Last weekend, in the hours after a deadly Texas church shooting, Google search promoted false reports about the suspect, suggesting that he was a radical communist affiliated with the antifa movement. The claims popped up in Google's "Popular on Twitter" module, which made them prominently visible — although not the top results — in a search for the alleged killer's name. Of course, the was just the latest instance of a long-standing problem: it was the latest of multiple similar missteps. As usual, Google promised to improve its search results, while the offending tweets disappeared. But telling Google to retrain its algorithms, as appropriate as that demand is, doesn't solve the bigger issue: the search engine's monopoly on truth.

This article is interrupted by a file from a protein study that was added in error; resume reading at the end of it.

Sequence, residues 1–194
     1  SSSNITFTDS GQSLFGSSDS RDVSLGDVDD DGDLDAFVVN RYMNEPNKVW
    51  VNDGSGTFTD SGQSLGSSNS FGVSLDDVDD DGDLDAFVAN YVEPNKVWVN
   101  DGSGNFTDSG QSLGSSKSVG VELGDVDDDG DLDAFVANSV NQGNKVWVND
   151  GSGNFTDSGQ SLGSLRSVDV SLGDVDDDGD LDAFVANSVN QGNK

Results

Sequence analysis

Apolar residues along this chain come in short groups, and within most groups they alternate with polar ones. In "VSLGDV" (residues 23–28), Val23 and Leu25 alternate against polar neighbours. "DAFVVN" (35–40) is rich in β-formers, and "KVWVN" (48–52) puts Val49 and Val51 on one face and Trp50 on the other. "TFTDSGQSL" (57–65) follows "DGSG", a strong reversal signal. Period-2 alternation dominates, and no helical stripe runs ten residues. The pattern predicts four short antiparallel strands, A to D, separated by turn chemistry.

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Surveys suggest that, at least in theory, very few people unconditionally believe news from social media. But faith in search engines — a field long dominated by Google — appears consistently high. A 2017 Edelman survey found that 64 percent of respondents trusted search engines for news and information, a slight increase from the 61 percent who did in 2012, and notably more than the 57 percent who trusted traditional media. (Another 2012 survey, from Pew Research Center, found that 66 percent of people believed search engines were "fair and unbiased," almost the same proportion that did in 2005.) Researcher danah boyd has suggested that media literacy training conflated doing independent research with using search engines. Instead of learning to evaluate sources, "[students] heard that Google was trustworthy and Wikipedia was not."
Google encourages this perception, as do competitors like Amazon and Apple — especially as their products depend more and more on virtual assistants. Though Google's text-based search page is clearly a flawed system, at least it makes it clear that Google search functions as a directory for the larger internet — and at a more basic level, a useful tool for humans to master.